Mr. MITCHELL. Congressman, we are in pretty good in implementing that provision. Should have a publication of the regulation some time early this fall. In fact, we had a task force, which included the State executive director of FSA from Oklahoma, in putting that together. We had caught a number of issues that we had resolved. We have got of all those behind us and we will be ready to sign farmers up for that before normal harvest would start in those counties.
Mr. LUCAS of Oklahoma. So we will see the rules this fall, and the decisions they will have to make them based on those rules, will come next
Mr. MITCHELL. Procedure training and
Mr. LUCAS of Oklahoma. Prior to harvest.
Mr. MITCHELL. Yes.
Secretary GLICKMAN. Mr. Lucas, the numbers I gave you, basically, are all natural disasters. Drought is a big part of it. There are some other water-related and other things as well.
Mr. LUCAS of Oklahoma. Thank you, Mr. Secretary. Thank you, Mr. Chairman.
The CHAIRMAN. Mr. Thune.
Mr. THUNE. Thank you, Mr. Chairman, and, Mr. Secretary, for being here today. Just a couple of questions and you maybe answered this earlier. I don't know. But what is the percentage of producers in the country who participate in the Crop Insurance Program?
Secretary GLICKMAN. Mr. Ackerman tells me about 70 percent. That would be of eligible producers. That would be catastrophic in buy-up or total.
Page 55 PREV PAGE TOP OF DOC Mr. ACKERMAN. No. Total.
Secretary GLICKMAN. Total. About 70 percent.
Mr. THUNE. And how many of those are multi-peril versus revenue? Are we getting to a point where the Revenue Insurance Program is going to become a more viable, where that might replace the MPCI?
Mr. ACKERMAN. At this point, the large majority is still multi-peril, but revenue insurance has grown significantly. I am guessing on the number, but it is probably in the range of about 20 percent, give or take, for the principle crops.
Between 15 and 25 percent for the principle crops.
Secretary GLICKMAN. Just, if I may ask Ken a question? What is the goal in the participation as a result of this bill in terms of number of producers? And you talked a little bit about that yesterday.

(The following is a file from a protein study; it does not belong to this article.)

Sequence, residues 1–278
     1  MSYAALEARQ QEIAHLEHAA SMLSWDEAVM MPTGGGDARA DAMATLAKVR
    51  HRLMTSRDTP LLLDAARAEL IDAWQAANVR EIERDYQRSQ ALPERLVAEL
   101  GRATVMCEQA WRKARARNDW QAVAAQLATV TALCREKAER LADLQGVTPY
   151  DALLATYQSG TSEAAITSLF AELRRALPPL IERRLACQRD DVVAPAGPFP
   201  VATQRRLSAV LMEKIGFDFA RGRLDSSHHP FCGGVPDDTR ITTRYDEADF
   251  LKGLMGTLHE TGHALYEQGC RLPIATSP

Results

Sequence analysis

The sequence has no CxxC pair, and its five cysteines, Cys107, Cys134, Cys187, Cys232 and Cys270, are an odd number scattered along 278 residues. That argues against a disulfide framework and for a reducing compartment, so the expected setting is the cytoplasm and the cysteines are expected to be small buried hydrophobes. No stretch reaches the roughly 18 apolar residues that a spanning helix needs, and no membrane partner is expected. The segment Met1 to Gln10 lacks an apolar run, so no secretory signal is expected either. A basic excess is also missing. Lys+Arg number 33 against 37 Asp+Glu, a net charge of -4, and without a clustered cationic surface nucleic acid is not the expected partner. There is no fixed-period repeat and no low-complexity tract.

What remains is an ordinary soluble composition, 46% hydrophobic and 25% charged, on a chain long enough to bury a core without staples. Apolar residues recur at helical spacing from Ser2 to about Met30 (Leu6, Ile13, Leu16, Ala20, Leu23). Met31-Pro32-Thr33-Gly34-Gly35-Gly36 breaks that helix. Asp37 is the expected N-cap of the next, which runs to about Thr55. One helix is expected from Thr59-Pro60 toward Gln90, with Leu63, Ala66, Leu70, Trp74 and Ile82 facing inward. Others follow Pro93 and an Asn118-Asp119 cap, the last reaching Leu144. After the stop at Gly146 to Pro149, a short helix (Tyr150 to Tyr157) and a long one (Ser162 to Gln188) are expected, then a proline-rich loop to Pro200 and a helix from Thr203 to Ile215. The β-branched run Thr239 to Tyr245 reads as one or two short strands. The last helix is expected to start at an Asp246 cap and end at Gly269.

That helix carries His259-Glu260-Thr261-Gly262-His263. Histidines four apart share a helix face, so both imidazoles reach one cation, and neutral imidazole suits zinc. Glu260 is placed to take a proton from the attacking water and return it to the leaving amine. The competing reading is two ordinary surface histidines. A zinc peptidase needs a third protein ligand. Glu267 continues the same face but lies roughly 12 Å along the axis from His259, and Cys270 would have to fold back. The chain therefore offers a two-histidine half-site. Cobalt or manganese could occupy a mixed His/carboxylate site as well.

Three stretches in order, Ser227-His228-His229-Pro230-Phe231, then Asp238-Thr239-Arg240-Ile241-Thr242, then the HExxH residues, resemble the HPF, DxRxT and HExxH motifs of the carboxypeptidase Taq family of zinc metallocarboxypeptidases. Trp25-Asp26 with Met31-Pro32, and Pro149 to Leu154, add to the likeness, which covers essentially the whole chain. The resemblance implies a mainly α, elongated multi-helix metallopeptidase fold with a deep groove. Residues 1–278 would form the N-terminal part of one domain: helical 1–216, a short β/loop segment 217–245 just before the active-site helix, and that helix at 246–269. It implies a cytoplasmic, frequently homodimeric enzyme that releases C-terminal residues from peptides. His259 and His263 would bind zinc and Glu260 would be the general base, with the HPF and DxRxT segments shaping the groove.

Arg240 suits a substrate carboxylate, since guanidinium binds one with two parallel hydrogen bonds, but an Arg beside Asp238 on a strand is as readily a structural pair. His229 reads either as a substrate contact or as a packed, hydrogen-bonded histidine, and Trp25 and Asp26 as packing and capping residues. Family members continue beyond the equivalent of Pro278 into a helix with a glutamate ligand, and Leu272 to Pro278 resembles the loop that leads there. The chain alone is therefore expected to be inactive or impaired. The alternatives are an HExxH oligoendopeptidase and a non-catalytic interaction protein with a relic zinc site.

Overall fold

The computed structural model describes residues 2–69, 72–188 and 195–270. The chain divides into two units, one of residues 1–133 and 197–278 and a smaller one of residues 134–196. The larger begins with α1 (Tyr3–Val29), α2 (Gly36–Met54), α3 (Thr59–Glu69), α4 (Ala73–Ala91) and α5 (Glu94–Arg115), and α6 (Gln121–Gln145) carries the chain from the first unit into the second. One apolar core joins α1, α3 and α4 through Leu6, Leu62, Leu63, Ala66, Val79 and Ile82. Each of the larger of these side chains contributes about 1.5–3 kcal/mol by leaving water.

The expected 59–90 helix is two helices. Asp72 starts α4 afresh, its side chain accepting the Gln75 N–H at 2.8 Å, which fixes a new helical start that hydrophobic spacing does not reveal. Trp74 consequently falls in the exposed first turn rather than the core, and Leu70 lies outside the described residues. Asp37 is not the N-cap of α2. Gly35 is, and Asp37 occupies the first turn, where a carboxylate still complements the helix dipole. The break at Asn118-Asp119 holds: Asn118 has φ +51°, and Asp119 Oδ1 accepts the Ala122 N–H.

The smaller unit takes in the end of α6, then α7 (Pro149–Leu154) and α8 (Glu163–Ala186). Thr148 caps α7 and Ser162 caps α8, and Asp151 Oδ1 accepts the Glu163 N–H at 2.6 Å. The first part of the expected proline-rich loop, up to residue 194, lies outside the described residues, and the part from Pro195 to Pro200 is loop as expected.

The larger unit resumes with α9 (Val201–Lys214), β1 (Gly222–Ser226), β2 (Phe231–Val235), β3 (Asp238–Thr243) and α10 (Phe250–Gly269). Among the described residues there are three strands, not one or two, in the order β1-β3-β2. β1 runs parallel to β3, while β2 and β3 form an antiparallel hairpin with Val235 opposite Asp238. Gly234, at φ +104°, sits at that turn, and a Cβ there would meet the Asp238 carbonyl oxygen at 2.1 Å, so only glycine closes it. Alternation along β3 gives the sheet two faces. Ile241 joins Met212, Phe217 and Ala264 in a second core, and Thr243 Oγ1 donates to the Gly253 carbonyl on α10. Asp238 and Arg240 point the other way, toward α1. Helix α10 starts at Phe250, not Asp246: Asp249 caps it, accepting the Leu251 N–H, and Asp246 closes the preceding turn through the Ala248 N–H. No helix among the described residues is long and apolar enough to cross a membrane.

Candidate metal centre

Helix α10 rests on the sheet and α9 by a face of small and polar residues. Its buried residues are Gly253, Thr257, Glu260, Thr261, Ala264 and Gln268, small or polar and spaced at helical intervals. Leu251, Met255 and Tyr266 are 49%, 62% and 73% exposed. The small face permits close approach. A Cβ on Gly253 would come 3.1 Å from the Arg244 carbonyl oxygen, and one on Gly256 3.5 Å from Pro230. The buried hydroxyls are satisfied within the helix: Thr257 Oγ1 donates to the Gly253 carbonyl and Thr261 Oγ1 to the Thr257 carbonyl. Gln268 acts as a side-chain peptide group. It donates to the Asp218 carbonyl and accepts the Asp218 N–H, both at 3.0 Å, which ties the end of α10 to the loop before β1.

Mr. ACKERMAN. All right. Our projection, our goal, is that in 2 or 3 years, as the bill takes effectwe now have about 70 percent participation. We would like to get that up to about 85 percent. And we would also like to see producers who currently have CAT coverage move up to buy-up, and those with buy-up to take another look at revenue. The way subsidies are now structured under the new law, the incentives are very much there for farmers to look at these higher levels so that we will get more coverage, both in terms of numbers and quality.
Mr. THUNE. And is it your expectation that in time you will see the numbers in revenue become comparable to those in multi-peril?
Mr. ACKERMAN. I expect that the numbers for revenue insurance will go up.
Mr. THUNE. Is there a point at which you say, kind of like we say that we have a structural unemployment rate in this countrythat there is just a certain amount where we have capped out? We are not going to get to where it is a 100 percent participation of the program?
Page 56 PREV PAGE TOP OF DOC Mr. ACKERMAN. Yes. I think that is a fair plan. Because you are always going to have some farmers, either because they have various small shares or because they are in a unique circumstance, for whom the numbers just won't work out.